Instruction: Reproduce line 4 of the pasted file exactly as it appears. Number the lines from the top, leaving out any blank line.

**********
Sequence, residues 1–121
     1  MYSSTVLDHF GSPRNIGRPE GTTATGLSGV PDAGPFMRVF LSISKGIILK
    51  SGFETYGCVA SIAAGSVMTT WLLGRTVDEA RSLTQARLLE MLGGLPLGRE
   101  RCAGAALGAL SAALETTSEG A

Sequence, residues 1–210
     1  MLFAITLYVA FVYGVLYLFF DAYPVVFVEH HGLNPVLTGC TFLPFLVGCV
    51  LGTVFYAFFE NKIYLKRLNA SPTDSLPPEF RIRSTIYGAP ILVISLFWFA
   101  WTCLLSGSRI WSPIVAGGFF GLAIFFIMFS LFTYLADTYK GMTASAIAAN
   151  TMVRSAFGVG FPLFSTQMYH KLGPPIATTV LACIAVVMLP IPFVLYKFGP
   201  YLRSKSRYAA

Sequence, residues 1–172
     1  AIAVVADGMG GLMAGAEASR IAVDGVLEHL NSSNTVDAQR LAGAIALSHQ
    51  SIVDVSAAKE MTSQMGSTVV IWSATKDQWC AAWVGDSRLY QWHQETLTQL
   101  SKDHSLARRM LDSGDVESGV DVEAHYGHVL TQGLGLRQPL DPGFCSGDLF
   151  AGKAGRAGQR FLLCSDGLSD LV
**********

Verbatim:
   101  RCAGAALGAL SAALETTSEG A